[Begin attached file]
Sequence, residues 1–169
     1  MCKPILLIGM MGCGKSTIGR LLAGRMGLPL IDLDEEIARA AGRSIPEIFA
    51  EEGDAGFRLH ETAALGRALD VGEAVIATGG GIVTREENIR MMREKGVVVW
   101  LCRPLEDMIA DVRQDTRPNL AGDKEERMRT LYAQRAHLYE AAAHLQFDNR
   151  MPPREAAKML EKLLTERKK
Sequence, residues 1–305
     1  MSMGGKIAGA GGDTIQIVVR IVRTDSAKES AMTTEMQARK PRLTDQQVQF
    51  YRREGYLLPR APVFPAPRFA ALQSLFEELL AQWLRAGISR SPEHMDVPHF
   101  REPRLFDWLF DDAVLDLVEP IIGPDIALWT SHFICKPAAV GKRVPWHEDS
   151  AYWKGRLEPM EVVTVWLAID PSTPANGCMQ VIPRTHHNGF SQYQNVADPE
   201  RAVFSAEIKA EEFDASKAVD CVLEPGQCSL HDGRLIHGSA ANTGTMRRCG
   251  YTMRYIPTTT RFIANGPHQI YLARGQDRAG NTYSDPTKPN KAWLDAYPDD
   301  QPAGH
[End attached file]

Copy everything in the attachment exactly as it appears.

Sequence, residues 1–169
     1  MCKPILLIGM MGCGKSTIGR LLAGRMGLPL IDLDEEIARA AGRSIPEIFA
    51  EEGDAGFRLH ETAALGRALD VGEAVIATGG GIVTREENIR MMREKGVVVW
   101  LCRPLEDMIA DVRQDTRPNL AGDKEERMRT LYAQRAHLYE AAAHLQFDNR
   151  MPPREAAKML EKLLTERKK
Sequence, residues 1–305
     1  MSMGGKIAGA GGDTIQIVVR IVRTDSAKES AMTTEMQARK PRLTDQQVQF
    51  YRREGYLLPR APVFPAPRFA ALQSLFEELL AQWLRAGISR SPEHMDVPHF
   101  REPRLFDWLF DDAVLDLVEP IIGPDIALWT SHFICKPAAV GKRVPWHEDS
   151  AYWKGRLEPM EVVTVWLAID PSTPANGCMQ VIPRTHHNGF SQYQNVADPE
   201  RAVFSAEIKA EEFDASKAVD CVLEPGQCSL HDGRLIHGSA ANTGTMRRCG
   251  YTMRYIPTTT RFIANGPHQI YLARGQDRAG NTYSDPTKPN KAWLDAYPDD
   301  QPAGH